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**Unformatted text preview: **pounding period, we earn interest on A2 which then grows to A2 (1 + i). We add our third
payment at the end of the third compounding period to obtain A3 = A2 (1 + i) + P = P (1 + i) 1 + 1
1+i (1 + i) + P = P (1 + i)2 1 + 1
1
+
1 + i (1 + i)2 During the fourth compounding period, A3 grows to A3 (1+ i), and when we add the fourth payment,
we factor out P (1 + i)3 to get
A4 = P (1 + i)3 1 + 1
1
1
+
+
2
1 + i (1 + i)
(1 + i)3 This pattern continues so that at the end of the k th compounding, we get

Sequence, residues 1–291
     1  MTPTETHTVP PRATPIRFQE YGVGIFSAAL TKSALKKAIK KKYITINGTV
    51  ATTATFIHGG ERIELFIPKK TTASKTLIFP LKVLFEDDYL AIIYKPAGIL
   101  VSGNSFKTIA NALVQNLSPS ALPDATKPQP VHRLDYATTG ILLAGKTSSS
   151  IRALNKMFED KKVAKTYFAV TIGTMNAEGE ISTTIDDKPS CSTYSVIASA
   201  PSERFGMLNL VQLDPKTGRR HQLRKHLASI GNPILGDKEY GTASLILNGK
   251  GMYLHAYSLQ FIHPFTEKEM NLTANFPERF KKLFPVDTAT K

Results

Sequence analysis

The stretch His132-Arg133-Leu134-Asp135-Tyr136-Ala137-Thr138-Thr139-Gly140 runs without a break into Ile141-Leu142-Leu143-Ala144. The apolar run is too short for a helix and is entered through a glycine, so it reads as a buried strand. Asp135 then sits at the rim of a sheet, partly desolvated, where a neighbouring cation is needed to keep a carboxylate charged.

Ak = P (1 + i)k−1 1 +
4 1
1
1
+
+ ... +
1 + i (1 + i)2
(1 + i)k−1 This is the identity function on the natural numbers!
There is an interesting anecdote which says that the famous mathematician Carl Friedrich Gauss was given this
problem in primary school and devised a very clever solution.
6
The reader may wish to re-read the discussion on compound interest in Section 6.5 before proceeding.
5 568 Sequences and the Binomial Theorem The sum in the parentheses above is the sum of the ﬁrst k terms of a geometric sequence with
1
a = 1 and r = 1+i . Using Equation 9.2, we get 1
1−
−k (1 + i)k = (1 + i) 1 − (1 + i)
= 1 1
i
1−
1+i 1+ 1
1
1
+ .....

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